Technology at Flyclops

Shell scripting: logging fractional elapsed time

posted in DevOps on 2013-10-21 18:21:09 UTC by Dave Martorana

I wanted a more robust way to track the amount of time building certain parts of our servers takes. As I describe in another post (and want to dramatically expand on in a future post), we use a series of logically separated shell scripts to build our servers from vanilla instances. So here’s a bit of a tip about logging elapsed time.

Here’s a basic shell script:

1
2
3
4
5
6
7
#!/bin/sh
START=`date +%s`
 
# Do stuff here
 
END=`date +%s`
ELAPSED=$(( $END - $START ))

Seems smart enough - and then I can take the ELAPSED variable and log it or whatever. But this method only works in whole seconds, and that’s silly. So this is a bit more elaborate, but much more exact:

1
2
3
4
5
6
7
#!/bin/sh
START=`date +%s%N`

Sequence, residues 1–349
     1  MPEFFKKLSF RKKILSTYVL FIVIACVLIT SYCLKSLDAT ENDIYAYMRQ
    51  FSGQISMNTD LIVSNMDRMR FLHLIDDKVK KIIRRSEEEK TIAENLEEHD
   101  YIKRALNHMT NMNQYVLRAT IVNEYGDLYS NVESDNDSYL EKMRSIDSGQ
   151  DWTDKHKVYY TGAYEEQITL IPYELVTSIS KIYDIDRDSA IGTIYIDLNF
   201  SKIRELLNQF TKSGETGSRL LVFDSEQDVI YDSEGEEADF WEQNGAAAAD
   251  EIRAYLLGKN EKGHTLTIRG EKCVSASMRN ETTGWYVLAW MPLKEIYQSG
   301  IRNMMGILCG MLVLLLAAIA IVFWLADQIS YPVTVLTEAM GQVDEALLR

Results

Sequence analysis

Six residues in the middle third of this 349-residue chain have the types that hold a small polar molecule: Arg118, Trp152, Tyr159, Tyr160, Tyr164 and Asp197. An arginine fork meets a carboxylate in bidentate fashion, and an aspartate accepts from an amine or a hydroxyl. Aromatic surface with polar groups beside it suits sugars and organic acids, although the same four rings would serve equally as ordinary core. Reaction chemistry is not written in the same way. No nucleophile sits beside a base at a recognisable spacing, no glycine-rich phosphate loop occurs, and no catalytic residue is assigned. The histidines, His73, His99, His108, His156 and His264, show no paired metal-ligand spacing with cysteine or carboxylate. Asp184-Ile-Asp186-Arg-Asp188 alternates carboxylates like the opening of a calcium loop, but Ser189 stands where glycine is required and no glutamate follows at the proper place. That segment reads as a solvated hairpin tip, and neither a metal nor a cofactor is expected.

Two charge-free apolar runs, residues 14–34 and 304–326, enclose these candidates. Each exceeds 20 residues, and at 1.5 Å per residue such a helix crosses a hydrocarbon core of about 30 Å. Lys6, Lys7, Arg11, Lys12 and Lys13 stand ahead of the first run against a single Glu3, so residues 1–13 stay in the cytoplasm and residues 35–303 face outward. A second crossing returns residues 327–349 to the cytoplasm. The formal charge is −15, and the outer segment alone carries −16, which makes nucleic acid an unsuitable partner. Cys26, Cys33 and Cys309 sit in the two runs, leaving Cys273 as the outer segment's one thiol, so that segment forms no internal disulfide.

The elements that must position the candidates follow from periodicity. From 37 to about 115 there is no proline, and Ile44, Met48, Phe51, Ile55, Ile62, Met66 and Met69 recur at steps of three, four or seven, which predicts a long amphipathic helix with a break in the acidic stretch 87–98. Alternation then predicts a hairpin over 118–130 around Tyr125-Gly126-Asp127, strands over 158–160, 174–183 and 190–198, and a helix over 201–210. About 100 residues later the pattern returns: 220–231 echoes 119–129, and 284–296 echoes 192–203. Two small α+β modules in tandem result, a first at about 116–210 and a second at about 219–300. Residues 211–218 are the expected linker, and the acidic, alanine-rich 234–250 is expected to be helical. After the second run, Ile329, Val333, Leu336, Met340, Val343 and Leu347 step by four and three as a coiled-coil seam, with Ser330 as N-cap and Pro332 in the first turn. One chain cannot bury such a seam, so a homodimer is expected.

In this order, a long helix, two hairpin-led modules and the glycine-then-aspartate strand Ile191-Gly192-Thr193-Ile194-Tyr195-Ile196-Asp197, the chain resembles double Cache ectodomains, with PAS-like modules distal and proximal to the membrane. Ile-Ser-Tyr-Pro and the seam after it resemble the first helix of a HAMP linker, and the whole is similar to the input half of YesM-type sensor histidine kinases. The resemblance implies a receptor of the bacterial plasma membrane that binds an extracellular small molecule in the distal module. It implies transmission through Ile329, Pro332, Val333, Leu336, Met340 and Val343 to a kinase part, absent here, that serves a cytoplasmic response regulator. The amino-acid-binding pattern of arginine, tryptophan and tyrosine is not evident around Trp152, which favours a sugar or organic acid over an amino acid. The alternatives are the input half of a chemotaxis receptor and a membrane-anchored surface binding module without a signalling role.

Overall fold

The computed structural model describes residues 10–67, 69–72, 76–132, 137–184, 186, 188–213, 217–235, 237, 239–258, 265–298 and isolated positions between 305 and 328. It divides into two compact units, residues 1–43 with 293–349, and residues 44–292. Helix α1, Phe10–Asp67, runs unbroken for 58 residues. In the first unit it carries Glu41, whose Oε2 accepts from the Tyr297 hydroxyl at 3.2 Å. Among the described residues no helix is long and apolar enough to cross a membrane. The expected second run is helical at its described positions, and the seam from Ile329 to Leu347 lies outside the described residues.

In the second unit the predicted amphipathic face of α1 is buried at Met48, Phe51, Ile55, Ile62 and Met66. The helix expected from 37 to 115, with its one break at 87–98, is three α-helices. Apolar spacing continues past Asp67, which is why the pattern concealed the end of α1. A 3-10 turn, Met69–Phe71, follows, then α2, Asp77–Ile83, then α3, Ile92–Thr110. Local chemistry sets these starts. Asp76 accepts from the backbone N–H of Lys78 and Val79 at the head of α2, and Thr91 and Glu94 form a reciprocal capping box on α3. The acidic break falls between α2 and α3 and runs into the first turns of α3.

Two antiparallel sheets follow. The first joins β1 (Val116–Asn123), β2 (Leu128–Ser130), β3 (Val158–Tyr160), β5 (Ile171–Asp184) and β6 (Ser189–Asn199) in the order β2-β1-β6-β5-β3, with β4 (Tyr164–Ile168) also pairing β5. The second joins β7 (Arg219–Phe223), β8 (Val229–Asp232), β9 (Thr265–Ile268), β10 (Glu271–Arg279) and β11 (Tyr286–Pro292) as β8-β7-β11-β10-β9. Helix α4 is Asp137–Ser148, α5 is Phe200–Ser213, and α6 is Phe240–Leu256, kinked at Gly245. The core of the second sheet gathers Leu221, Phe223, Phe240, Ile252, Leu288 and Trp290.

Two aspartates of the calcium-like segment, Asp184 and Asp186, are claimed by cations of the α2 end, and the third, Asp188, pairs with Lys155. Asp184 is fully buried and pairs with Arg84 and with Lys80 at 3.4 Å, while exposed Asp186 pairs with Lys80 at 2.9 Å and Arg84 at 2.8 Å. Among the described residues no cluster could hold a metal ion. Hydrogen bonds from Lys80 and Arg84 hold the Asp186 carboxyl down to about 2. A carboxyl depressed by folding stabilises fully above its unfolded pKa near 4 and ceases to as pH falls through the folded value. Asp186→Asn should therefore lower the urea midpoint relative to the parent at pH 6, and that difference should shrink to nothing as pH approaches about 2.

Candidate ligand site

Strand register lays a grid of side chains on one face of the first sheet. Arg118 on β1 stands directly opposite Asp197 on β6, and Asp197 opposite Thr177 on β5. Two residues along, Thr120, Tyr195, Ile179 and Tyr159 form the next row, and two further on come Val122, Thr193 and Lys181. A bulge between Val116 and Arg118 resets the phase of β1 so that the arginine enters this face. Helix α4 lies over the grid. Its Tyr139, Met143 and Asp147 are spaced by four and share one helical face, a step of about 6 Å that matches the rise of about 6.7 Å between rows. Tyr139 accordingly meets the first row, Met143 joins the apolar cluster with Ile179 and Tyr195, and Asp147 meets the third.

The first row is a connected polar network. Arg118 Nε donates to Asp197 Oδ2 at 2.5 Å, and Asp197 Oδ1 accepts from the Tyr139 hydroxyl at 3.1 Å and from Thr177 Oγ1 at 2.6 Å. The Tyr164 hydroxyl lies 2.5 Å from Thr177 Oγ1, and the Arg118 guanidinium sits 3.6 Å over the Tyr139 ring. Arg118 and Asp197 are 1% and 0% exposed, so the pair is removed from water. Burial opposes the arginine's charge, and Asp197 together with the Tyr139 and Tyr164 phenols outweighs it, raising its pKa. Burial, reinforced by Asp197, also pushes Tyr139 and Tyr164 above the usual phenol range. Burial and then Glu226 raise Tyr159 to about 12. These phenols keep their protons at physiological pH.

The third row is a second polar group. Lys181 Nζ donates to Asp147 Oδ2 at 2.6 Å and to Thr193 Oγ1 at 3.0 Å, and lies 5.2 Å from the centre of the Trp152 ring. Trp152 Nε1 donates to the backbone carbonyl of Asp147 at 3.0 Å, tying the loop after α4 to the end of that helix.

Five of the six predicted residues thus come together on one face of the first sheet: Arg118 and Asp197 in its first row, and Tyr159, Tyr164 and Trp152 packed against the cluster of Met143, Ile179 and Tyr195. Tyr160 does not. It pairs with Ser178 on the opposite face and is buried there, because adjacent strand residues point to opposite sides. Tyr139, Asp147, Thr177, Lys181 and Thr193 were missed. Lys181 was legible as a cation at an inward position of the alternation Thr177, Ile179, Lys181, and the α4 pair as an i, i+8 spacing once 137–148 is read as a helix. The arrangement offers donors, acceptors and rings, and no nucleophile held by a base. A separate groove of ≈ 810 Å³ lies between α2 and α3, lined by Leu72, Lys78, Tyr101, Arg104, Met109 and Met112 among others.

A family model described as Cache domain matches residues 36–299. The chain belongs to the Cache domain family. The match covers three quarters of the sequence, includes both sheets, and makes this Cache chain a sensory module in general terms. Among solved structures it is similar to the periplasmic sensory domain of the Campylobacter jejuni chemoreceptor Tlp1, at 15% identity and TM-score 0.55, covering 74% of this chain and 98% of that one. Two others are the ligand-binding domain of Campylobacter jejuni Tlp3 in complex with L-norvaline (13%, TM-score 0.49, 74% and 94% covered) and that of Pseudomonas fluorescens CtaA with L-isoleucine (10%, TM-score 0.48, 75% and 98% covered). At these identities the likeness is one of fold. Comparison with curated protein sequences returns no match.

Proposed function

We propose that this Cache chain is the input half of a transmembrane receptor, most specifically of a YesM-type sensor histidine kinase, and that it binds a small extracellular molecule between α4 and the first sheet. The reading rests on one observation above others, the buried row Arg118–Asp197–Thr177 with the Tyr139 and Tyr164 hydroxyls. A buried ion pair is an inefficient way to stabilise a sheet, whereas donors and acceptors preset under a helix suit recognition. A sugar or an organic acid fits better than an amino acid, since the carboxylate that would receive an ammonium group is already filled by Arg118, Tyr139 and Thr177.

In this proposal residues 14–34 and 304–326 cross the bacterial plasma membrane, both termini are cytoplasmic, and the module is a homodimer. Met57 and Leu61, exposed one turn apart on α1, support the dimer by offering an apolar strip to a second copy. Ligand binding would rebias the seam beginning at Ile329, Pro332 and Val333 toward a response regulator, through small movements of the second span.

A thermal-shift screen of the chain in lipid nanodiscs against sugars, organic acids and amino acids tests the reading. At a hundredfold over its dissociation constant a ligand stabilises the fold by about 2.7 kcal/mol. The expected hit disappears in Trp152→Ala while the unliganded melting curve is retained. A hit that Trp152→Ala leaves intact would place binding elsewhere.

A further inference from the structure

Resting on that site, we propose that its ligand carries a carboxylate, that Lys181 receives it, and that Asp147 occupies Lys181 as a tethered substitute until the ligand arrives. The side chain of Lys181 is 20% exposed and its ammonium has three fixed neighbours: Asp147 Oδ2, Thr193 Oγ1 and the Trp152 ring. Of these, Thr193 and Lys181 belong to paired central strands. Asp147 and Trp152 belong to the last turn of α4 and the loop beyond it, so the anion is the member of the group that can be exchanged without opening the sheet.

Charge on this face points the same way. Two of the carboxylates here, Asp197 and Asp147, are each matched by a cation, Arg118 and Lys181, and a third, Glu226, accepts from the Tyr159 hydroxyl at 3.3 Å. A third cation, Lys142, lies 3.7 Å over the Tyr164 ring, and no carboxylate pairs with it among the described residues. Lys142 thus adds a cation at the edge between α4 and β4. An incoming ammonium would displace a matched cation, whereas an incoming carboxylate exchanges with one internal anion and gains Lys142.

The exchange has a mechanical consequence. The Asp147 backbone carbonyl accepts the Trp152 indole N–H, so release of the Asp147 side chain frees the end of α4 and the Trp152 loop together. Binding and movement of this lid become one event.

# Do stuff here
 
END=`date +%s%N`
ELAPSED=`echo "scale=8; ($END - $START) / 1000000000" | bc`

This is the difference between “2 seconds” and “2.255322 seconds”, which is important to us, since some shell scripts may only take a fraction of a second.

So what’s going on?

First, we change the date format to

1
date +%s%N

Adding the %N gets us nanoseconds instead of seconds - as whole numbers, that is. (Note: %N doesn’t work on BSD variants.) So we divide by 1 billion, and pipe the calculation string through bc, a unix calculator, and it will return our seconds difference to 8 decimal places.

This changes my output from:

Backup complete in 2 seconds

to:

Backup complete in 2.83732828 seconds

Much better :)

Tagged:
#bash  #bc  #linux  #logging  #sh  #shell  #time  #unix